A more far-reaching alternative approach would be a push for greater liberalization by key countries with an interest in maintaining the momentum of multilateral trade negotiations. The U.S. and China should take the lead in proposing a multilateral free trade agreement under GATT Article XXIV among countries and customs territories interested in opening markets across the board. If the two giants could do so, they would help reshape the substance and atmospherics of international trade negotiations, shifting the focus away from FTAs.
Politically, this could be the imaginative approach necessary to create a new foreign policy opening between the current global hegemon, the U.S., and the world's rising power, China. Such an alignment would assist in ensuring the peaceful development of China. Traditionally, the rise of great powers resulted in the emergence of great power conflicts if they did not have binding interests. With the end of the Cold War, there are analysts in the U.S. and China who are focusing on the coming conflict between the two powers. However, if a new concert of interests can be created between Washington and Beijing, it is possible that China's emergence, like that of the U.S. at the end of the 19th century, could take place within the framework of a rule-based international system that can accommodate the emergence of global powers with shared interests in global peace and stability.
Challenge for the EU
This would pose a challenge to the EU. European governments would have to decide whether they wished to support French-led opposition to further liberalization, especially of agricultural trade, or whether they would be willing to bear some costs to ensure that wider global benefits could be attained. The United Kingdom, the Netherlands, and the Scandinavian countries could push for the EU to join this global move to prevent the marginalization of Europe.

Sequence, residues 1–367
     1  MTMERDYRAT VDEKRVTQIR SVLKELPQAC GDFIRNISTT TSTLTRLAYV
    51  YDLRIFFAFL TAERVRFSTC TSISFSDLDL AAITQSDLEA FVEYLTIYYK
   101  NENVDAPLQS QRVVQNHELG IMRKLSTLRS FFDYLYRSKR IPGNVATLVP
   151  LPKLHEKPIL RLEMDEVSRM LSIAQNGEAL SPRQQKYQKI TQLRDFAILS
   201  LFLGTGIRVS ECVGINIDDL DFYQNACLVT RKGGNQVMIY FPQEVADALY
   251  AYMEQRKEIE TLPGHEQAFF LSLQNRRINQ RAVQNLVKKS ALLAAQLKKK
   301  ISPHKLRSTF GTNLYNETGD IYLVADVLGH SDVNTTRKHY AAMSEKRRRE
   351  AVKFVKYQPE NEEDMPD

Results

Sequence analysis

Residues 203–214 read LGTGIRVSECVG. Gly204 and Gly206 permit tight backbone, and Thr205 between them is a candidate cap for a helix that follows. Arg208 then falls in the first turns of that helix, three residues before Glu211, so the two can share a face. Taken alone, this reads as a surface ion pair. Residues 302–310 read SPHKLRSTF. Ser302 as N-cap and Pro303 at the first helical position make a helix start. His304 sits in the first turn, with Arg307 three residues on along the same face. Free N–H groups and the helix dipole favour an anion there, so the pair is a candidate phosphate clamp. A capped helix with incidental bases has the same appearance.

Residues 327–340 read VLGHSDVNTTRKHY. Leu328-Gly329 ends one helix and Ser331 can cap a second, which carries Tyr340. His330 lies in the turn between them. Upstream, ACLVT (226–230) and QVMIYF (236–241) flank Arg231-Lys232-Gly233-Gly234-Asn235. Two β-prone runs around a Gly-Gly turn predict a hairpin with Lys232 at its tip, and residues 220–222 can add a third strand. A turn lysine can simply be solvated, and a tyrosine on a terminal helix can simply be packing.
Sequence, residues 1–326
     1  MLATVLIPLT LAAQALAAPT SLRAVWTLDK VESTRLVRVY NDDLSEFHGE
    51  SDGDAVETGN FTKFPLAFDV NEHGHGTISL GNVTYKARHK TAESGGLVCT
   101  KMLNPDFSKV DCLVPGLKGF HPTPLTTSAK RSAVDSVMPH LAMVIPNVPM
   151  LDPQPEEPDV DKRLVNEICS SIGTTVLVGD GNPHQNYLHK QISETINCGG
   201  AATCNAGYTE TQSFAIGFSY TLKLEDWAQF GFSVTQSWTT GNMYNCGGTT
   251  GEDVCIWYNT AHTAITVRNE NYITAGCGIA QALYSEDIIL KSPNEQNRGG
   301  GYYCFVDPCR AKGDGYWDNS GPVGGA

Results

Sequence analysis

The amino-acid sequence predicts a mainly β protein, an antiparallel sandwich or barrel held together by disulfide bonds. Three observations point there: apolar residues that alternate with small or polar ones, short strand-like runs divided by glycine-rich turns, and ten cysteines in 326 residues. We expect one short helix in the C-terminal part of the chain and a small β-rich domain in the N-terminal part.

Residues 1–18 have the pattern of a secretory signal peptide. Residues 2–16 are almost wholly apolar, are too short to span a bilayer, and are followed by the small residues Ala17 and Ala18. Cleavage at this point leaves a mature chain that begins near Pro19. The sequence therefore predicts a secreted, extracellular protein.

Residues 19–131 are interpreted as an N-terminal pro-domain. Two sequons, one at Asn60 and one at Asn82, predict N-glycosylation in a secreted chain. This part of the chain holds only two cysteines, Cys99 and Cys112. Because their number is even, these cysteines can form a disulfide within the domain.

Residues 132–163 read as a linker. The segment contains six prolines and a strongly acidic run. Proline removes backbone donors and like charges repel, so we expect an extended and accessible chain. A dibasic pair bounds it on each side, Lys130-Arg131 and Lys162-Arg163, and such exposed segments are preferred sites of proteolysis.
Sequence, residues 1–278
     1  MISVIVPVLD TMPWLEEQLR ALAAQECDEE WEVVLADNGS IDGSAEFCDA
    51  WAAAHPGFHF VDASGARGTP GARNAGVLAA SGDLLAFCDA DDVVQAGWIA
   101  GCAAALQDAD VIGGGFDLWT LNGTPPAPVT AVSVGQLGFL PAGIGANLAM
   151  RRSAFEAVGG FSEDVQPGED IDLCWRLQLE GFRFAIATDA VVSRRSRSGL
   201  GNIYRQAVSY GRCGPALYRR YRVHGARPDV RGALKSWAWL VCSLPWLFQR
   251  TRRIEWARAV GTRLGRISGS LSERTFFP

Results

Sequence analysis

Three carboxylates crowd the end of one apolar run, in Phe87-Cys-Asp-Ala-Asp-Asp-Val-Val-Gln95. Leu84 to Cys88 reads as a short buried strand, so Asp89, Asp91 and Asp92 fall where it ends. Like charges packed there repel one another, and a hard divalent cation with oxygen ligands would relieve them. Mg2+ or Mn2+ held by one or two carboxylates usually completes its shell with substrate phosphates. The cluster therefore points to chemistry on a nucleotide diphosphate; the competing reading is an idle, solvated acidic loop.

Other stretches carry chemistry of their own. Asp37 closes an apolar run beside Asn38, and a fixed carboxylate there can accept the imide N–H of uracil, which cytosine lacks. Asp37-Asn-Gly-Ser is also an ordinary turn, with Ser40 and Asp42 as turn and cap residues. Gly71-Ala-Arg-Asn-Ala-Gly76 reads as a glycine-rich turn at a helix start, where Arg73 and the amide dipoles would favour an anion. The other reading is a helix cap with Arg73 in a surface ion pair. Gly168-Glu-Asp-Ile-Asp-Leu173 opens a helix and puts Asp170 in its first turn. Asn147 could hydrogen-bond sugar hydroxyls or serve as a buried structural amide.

Such a development would be reminder of the critical impact of the decision by President Clinton to convene a "leaders' meeting" in Seattle in November 1993 of the countries participating in the Asia-Pacific Economic Cooperation (APEC) forum to break the stalemate in the Uruguay Round of GATT negotiations caused by EU opposition to agricultural liberalization.
Within the EU, there was grave concern that the U.S. intended to form a preferential trade grouping that would exclude the Europeans. After urgent consultations between French President Francois Mitterand and German Chancellor Helmut Kohl, the EU agreed to the inclusion of agriculture, leading to the conclusion of the Uruguay Round in December 1993. For the East Asian economies in APEC, this was the first recognition that they could benefit from the regionalism card in multilateral economic diplomacy. APEC also provided a learning experience, as the agreement for sectoral liberalization in APEC was the model for sectoral liberalization in the WTO.
East Asian support for this initiative provided the critical mass in the WTO. This also provides a cue for the future. A European willingness to concede on agriculture is only likely if it can be framed in the context of wider interests. If the U.S. and China seek an early and successful conclusion to the Doha Round negotiations, they should be prepared to propose a Plan B - a multilateral free trade agreement among countries interested in across-the-board trade liberalization. An initiative in APEC would be a first step.
(Posted here with the permission of Pacific Forum CSIS)